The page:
Ryan Brown taught high school in Rowan and Montgomery County for three years before he left the teaching profession in May because he thought the current climate “was very troublesome.”
While Brown had school administrators who offered as much support as they could, he said the administration “was pushing us to sacrifice what teachers really felt was true education for our students .... to get our (statewide ) test scores up. It took the joy out of teaching.”
Kentucky faces a teacher shortage that is prompting a new recruiting campaign by the state commissioner of education and an upcoming major state study for lawmakers. The problem is a top priority for a state superintendent group and for Kentucky’s post secondary officials.
Pensions, politics, pay and the pursuit of test scores all get mentioned frequently as leading reasons for the teacher exodus in Kentucky.
The fear for this fall and for the future is that public school students will have to make do with substitutes or with job candidates hired only because there were not more qualified applicants.
The open educator positions from the 2014-15 year to the 2016-17 year in Kentucky showed a “drastic increase” of 6,247 to 8,855 over a 2-year period, said Jessica Fletcher, spokeswoman for the Kentucky Department for Education.
With school starting by mid-August in most districts, there were more than 4,900 open positions listed on the Kentucky Educator Placement Service since the beginning of 2019 with more than 1,000 posted in the last 30 days.
It’s not just teachers leaving the work force. Fewer college students are studying to be educators.
In Kentucky, at the baccalaureate level, education degrees did not grow over the one-year period in 2017-18 while posing the largest five-year decline at 13.2 percent, a new report from the state Council on Post Secondary Education said.
The area of college study with the largest growth was STEM (science, technology, engineering and mathematics) with a one-year increase of 9.2 percent at the undergraduate level and 55.1 percent at the graduate level.
Allison Slone, a special education teacher in Rowan County and the administrator for the Facebook page “Kentucky Teachers in The Know” that has 19,000 members, said the push to teach for statewide tests which do ” not accurately evaluate the success of a student or a teacher” is just one of the reasons that Kentucky currently faces a teacher shortage.
Slone said there is fear of losing the pension system Kentucky teachers currently have since teachers do not receive Social Security benefits.
And she thinks there has been fallout from the negative attacks on public education by elected officials at the state and national levels:
“What once was a highly respected career, has become the butt of many peoples’ jokes, even though educators are truly some of the most important people in society,” Slone said. “Kentucky has a good ‘ole boy system that hinders the growth and experience of highly qualified individuals to gain and maintain employment and teachers fear retribution for speaking their mind.”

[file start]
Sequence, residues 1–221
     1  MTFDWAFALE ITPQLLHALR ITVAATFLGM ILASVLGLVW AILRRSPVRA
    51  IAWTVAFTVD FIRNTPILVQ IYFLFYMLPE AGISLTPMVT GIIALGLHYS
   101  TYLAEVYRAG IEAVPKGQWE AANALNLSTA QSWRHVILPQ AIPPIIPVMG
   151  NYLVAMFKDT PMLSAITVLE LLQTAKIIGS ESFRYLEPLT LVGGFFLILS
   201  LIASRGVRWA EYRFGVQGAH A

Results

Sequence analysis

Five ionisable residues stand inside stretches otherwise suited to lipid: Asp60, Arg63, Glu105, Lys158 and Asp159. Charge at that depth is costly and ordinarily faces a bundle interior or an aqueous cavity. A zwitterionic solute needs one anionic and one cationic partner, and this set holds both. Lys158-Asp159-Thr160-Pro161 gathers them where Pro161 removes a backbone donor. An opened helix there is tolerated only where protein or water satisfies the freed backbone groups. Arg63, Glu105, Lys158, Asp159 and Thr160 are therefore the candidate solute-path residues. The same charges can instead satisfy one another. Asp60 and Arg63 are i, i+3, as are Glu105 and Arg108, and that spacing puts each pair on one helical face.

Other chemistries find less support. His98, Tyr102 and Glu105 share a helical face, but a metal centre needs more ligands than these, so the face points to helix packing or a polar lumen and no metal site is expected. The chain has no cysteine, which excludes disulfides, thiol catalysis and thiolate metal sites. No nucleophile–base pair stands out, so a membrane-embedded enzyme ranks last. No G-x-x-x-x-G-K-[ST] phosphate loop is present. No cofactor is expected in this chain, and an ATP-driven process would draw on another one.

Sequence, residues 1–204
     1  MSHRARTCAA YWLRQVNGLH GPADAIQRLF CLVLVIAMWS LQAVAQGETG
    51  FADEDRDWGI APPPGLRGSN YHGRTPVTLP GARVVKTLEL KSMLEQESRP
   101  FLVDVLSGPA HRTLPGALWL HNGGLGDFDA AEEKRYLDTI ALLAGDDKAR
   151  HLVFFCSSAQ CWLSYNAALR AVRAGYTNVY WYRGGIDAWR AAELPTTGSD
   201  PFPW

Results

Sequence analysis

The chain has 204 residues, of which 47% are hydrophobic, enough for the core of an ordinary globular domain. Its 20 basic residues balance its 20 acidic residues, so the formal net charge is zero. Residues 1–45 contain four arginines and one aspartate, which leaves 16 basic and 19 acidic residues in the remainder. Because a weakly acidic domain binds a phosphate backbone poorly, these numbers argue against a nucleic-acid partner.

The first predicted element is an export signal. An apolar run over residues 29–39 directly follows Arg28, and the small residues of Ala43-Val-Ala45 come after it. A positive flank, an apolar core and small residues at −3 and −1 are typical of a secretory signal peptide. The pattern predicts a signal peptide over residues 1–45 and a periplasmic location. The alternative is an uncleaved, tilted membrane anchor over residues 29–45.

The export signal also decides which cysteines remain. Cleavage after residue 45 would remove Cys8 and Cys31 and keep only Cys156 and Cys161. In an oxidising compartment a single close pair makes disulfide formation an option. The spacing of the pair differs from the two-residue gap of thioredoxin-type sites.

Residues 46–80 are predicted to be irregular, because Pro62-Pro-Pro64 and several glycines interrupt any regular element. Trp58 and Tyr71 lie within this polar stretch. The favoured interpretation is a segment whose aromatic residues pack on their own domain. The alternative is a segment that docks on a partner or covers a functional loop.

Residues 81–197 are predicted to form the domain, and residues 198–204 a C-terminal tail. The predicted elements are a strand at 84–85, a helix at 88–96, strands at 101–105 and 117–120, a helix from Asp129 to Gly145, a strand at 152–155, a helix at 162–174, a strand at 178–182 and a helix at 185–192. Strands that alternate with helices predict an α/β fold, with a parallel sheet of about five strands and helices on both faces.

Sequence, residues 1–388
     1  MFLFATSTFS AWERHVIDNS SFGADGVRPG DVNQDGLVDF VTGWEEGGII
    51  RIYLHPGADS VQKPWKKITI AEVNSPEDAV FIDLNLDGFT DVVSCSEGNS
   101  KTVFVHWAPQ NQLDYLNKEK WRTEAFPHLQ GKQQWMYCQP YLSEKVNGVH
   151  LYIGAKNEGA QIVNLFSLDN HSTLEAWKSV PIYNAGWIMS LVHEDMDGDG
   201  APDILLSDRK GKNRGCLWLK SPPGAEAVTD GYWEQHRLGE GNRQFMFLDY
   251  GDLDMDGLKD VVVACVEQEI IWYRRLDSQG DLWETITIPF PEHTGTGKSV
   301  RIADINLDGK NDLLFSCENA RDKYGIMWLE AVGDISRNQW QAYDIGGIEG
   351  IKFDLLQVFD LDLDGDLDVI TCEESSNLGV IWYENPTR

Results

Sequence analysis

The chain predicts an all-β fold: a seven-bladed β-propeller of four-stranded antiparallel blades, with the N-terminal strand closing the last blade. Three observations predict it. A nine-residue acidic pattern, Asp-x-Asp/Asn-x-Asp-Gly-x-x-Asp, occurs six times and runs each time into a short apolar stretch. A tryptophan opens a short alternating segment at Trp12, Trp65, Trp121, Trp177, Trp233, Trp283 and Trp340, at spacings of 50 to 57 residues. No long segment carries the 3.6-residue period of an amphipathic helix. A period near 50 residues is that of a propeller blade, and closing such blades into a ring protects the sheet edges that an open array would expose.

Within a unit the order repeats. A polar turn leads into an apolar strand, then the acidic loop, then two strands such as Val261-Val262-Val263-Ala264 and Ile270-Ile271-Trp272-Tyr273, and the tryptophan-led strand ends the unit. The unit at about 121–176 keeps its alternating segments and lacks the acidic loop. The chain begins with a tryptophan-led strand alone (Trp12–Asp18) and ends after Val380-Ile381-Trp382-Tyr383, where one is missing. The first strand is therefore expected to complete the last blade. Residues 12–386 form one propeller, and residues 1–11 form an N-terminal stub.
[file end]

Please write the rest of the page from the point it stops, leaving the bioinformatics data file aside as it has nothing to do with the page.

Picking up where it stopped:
She was referring in part, to statements made in 2018 by Kentucky Gov. Matt Bevin, who admonished teachers for causing school closings when they descended in mass on the state capitol to demonstrate about public education issues.
Bevin said publicly that because schools were closed and some children were left home alone, students could have been sexually abused or otherwise harmed. He later said he apologized if his statements hurt people.
This year, after some school districts canceled classes when teachers went to Frankfort during the General Assembly, the Kentucky Labor Cabinet subpoenaed teacher absence records. If labor law violations are found, it could result in $1,000 fines issued to individual teachers.
Kentucky Education Commissioner Wayne Lewis, who was hired by a state board appointed by Bevin, said he did not think that the political climate in Kentucky had led to the teacher shortage because the declines in enrollment in teacher preparation programs and the critical shortage areas are not any different than what is occurring across the nation.
Another teacher who recently left his job, Brison Harvey, said he left a social studies teaching position at Lexington’s Lafayette High School because he thought he could have more impact on education policy and improve the state’s classrooms by going to work for the Lexington-based Prichard Committee for Academic Excellence.
Harvey said while not a primary factor, “it was kind of exhausting to continually hear and to listen to the political discussions that were happening with teachers sort of being pulled at the center. “
“It did have me re-examine what I wanted to do,” said Harvey. “It definitely colored what my thought process was in terms of leaving the classroom.”